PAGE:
These details also help Bernard determine if the right amount of sales staff is available to service shoppers and drive conversion rates.
Liz Claiborne Canada has been using a traffic-counting solution from St. Michael Strategies since 1995. It has been helpful in keeping the company strong against competitors suffering from flat sales.
For example, in January, the retailer’s same-store traffic increased 4%, and comp-store sales jumped 12%. “Our items per transaction also increased 3%, so we really did a great job,” Boisclair explained.
But these results don’t happen overnight. Boisclair creates reports that detail hourly traffic on a per-store basis, and what sales performance is in each store. If results are not meeting the retailer’s hit rate, or the number of transactions divided by total number of traffic, “We can coach managers on their scheduling methods and teach them to staff in line with traffic,” she said. “By optimizing staffing, we can support more conversions.”
All 140 of the chain’s stores use the technology.
Stepping up: While this technology segment generates approximately $50 million annually, “only 25% of retailers are using the technology,” said Chitayat.
As new functionality emerges, however, that number is sure to rise. “More sophisticated shopper analytics will be combined with other data sources, including loyalty programs and inventory-management systems,” said John Szczygiel, president, Mate Intelligent Video.
For Bernie Robbins, the solution could boost marketing efforts. “Being very event-driven, it will be interesting to have a solid set of data that our marketing director can use to determine what campaigns are effective, especially as we prepare for the holiday season,” Bernard said.
New wireless options are also making the solutions more appealing. By eliminating the cabling expense required with wired solutions, wireless options can be used in new settings, including across store departments and fitting rooms.
OfficeMax 1Q sales fall on weak economy
NAPERVILLE, Ill. OfficeMax announced that for its first quarter ended March 29, total sales decreased 5.5% to $2.3 billion compared to the first quarter of 2007. Net income increased in the first quarter of 2008 to $63.3 million, or 81 cents per diluted share, from $58.5 million, or 76 cents per diluted share, in the first quarter of 2007.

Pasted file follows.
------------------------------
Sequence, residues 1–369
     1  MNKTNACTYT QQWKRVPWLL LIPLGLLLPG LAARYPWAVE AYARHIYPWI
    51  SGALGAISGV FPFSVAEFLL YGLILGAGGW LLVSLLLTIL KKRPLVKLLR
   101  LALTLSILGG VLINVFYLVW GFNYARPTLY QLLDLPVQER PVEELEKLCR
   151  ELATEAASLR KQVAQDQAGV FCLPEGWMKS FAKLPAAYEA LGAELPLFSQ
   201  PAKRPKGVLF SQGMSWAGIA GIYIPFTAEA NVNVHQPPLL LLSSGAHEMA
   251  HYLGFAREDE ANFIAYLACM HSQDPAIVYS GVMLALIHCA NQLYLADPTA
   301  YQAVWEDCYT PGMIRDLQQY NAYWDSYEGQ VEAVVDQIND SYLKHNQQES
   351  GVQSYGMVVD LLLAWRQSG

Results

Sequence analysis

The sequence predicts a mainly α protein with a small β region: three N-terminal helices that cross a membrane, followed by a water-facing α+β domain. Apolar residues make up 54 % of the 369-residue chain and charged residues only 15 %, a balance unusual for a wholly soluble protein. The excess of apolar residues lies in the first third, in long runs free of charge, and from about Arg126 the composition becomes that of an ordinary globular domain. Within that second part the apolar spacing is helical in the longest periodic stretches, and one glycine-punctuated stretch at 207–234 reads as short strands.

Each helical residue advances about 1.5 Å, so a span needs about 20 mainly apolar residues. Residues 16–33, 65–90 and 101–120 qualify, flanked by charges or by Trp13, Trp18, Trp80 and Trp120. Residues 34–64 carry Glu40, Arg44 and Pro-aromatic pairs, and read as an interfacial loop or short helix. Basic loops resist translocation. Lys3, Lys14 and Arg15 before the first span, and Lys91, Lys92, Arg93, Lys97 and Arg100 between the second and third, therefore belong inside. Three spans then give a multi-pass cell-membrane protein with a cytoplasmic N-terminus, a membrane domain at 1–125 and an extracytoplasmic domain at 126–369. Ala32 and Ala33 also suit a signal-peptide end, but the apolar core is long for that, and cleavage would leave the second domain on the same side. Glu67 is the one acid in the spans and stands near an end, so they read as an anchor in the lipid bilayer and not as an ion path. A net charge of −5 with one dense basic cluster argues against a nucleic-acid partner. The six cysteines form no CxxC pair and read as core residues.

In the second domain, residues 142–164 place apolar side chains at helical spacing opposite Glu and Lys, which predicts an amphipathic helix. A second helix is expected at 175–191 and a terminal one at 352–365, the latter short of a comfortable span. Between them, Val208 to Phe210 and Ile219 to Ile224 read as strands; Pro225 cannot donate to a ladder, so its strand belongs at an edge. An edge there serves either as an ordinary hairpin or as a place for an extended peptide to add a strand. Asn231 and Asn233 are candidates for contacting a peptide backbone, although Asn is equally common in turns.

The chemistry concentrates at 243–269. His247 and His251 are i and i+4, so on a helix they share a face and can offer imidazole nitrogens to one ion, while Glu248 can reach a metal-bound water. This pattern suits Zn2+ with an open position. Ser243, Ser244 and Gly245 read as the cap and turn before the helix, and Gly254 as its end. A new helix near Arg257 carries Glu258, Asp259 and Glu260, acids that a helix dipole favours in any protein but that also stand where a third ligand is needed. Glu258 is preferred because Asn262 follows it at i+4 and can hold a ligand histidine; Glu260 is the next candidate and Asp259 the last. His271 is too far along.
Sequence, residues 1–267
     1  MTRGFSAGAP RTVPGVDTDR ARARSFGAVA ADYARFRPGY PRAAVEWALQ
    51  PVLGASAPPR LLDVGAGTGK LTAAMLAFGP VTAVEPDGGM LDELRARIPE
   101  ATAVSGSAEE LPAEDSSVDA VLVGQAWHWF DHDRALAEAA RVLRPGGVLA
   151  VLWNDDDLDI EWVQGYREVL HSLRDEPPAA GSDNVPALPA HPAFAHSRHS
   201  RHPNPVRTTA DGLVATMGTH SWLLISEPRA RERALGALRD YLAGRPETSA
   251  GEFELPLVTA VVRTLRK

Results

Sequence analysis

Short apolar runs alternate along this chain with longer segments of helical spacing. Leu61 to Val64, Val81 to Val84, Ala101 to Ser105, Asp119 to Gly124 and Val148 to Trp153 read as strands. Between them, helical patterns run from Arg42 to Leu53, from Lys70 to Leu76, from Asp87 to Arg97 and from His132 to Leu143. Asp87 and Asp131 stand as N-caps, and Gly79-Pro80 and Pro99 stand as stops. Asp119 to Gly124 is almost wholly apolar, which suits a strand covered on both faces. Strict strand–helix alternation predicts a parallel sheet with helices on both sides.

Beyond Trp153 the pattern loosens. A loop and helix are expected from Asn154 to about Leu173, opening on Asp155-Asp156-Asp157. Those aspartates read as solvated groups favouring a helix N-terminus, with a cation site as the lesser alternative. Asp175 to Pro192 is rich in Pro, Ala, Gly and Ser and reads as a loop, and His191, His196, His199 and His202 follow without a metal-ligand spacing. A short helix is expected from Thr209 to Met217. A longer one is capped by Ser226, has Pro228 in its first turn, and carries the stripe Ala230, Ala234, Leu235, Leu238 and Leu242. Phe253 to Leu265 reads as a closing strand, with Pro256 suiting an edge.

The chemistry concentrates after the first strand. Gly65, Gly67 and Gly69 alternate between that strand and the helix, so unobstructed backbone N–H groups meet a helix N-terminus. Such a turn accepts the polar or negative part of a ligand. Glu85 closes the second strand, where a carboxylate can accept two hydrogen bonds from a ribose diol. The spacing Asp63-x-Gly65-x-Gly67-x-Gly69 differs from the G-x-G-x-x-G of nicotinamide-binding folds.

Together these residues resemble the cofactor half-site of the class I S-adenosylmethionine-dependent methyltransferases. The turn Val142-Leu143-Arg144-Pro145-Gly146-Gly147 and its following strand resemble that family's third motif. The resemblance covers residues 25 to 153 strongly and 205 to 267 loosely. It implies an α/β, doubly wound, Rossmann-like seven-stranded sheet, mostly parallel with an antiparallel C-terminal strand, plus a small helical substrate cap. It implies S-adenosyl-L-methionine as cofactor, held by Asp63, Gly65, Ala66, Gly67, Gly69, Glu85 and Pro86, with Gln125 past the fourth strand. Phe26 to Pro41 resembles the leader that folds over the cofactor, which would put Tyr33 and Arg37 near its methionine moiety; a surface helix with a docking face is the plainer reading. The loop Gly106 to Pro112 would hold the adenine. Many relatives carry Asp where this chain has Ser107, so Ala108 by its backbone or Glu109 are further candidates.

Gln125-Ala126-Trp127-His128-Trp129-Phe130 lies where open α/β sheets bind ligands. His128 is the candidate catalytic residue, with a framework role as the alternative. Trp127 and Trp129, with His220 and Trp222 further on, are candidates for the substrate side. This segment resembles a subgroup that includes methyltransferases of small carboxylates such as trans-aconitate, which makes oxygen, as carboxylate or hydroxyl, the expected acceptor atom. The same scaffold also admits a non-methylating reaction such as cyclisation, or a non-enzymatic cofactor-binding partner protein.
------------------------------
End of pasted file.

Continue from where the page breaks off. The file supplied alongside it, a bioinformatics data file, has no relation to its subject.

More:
OfficeMax Retail segment sales decreased 5.5% to $1.11 billion in the first quarter of 2008 compared to the first quarter of 2007, reflecting a same-store sales decrease of 8.7% partially offset by sales from new stores. Retail same-store sales for the first quarter of 2008 declined across all major product categories due to weaker U.S. consumer and small business spending and the negative impact of the Easter holiday occurring in the first quarter of 2008.
IKEA to open first U.S. manufacturing facility
DANVILLE, Va. IKEA, through its subsidiary Swedwood, announced that it will open its first U.S. furniture manufacturing facility on May 21 in Danville, Va. The 930,000 square-foot Swedwood factory will produce a variety of wood-based IKEA products, the company reported.
“We made excellent progress on construction last year and our installation of equipment and machinery has gone very smoothly,” said Bengt Danielsson, North American president of Swedwood. “Now our primary objective is to complete appropriate operational training for 175 coworkers as well as to ensure a seamless production and packaging process.”